And hopefully these three cities, fronting active change for women’s rights, can influence cities, states, and the national government to not only support change for women, but positively act on making changes for women.

How Women Lead: Not A Hero, Everyone as Hero

 L-R: Lauren Sandground, Rhoda Hassan, Cheryl Swain meet to plan Take The Lead Challenge Feb. 19 launch
L-R: Lauren Sandground, Rhoda Hassan, Cheryl Swain meet to plan Take The Lead Challenge Feb. 19 launch

I recently had the pleasure of meeting Arizona State University student Lauren Sandground at a meeting to plan the Take The Lead Challenge Launch event (happening February 19 at ASU—check it out here and plan to be there live or by livestream). Lauren, a senior, started an organization named Woman as Hero in 2009 after being surprised to encounter gender biases in her own life even today, when young women are told they can do or be anything.

The mission of Woman as Hero is to advocate, enlighten, and inspire both women and men globally and locally to empower girls and women through education and entrepreneurship. They believe it’s everyone’s responsibility to support women in their times of struggle and to help create an environment of unity, respect and dignity.

The hierarchical mindset of top-down, command-and-control single-person leadership has remained largely unchanged since the mid-nineteenth century when organization structures as we know them today were invented by men for men who had women at home doing the housework and minding the children.

This model places impossible pressures on the man—almost always a man–at the top to be THE hero, have all the answers, and take 100% of the responsibility for decisions made. Focus on a single heroic leader stems from the “power over” model of leadership that is no longer functional in our fast moving, complex, brains-not-brawn driven world today.

Indeed, as Gayle Peterson, an associate fellow of Saïd Business School, University of Oxford, and co-director of its Women Transforming Leadership program says, “We don’t need a hero, we just need more women at the top.” 

Key words and phrases that resonate from Woman as Hero’s mission are “both women and men” and “everyone’s responsibility.” This is true whether we are talking about changing the gender and diversity ratios in leadership roles or aiming to improve the quality of organizational leadership overall.

Leadership parity is not easily achieved for many reasons—inertia, co-option, and the resistance of those in power to share it being just a few. Less obvious is the struggle within women ourselves to embrace our “power to” be the leaders of our own lives and in our careers. Changing that paradigm must be fostered by collaboration and deliberate intention.

Woman as Hero observes on its website: “Educating women allows them to help themselves, their families and their communities by giving them the tools to become leaders, otherwise known as the ‘girl effect.’ Their well-being is tied to the well-being of the whole society. It just makes sense!”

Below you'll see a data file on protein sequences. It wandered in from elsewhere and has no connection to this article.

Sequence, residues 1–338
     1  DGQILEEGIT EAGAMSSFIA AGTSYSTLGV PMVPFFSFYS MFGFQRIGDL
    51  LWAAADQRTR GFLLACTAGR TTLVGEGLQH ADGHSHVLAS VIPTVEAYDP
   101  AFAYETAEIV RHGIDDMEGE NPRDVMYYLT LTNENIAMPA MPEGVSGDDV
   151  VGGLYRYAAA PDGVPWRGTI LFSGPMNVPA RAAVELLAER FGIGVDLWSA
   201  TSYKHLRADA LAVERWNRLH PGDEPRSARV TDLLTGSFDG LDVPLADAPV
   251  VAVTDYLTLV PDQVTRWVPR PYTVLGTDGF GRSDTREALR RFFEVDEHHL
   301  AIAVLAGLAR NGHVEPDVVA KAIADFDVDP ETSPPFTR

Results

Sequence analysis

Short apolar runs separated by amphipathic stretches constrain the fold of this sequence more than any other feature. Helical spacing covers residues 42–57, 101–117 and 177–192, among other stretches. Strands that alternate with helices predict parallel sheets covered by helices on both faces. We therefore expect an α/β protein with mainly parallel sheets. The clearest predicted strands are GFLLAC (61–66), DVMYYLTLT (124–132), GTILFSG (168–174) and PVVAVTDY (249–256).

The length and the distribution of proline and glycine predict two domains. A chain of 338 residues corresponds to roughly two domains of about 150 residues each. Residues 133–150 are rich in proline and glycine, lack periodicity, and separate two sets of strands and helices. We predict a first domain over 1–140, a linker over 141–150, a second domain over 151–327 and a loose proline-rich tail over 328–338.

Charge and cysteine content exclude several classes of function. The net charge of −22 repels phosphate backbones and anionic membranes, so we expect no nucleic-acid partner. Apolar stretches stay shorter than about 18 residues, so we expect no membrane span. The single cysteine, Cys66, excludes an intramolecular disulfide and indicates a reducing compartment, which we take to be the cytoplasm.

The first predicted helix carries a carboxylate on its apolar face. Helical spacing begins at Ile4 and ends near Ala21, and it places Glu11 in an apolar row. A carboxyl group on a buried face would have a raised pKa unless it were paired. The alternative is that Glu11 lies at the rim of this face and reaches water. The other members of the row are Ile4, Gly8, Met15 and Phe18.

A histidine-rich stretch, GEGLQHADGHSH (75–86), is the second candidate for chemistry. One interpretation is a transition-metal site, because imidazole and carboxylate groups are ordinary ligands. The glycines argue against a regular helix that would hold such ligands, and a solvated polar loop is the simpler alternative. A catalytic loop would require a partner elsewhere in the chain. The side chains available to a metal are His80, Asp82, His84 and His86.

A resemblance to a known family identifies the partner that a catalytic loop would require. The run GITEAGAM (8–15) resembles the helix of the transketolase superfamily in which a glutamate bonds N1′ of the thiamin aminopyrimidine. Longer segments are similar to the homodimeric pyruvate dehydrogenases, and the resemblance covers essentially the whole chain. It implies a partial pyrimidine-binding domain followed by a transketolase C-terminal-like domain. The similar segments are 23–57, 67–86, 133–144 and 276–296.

But education is only as meaningful as the actions it inspires.

Woman as Hero takes action to inspire broad involvement. Through the hosting of dialogues and film screenings, annual summits, fundraisers, awareness campaigns, and community service projects, Woman as Hero educates to improve the status of girls and women all over the world.

As we digest the remains of our Thanksgiving turkey, there is a lot that we can be thankful for; the progress that women have made since the mid-nineteenth century; the men that have partnered with our movement; and those women who have already made it to the Sweet-C positions of companies and businesses.

But let’s not forget how much more we have to achieve; how much more educating and collaborating must be done before we can sit back and relax with our cranberry sauce. I am thankful for young women like Lauren and all of you heroes and very grateful that they are taking the lead for the next wave of women.

Mothers or Others? Why Choose? How Maternity Leave Policy Crushes Women’s Leadership Parity

parental leave policyJamera Lee Massop was an administrative assistant in New York when she became pregnant. She didn’t think being pregnant would or should impact her job.  However, with no reason other than “your contract says we can terminate you at any time for any reason,” Jamera’s company fired her when she was six months pregnant. Jamera felt sure that the company didn’t want the expense of hiring someone to fill in for her when she was on maternity leave. She knew that if she filed a lawsuit against her company she might win, but she felt she could not take the time or money to fight it at this time in her life. After all, she had no job and therefore no steady income. After her baby was born, with nowhere else to go, Jamera entered the New York City shelter system and had to rely on public welfare programs until she could get back on her feet.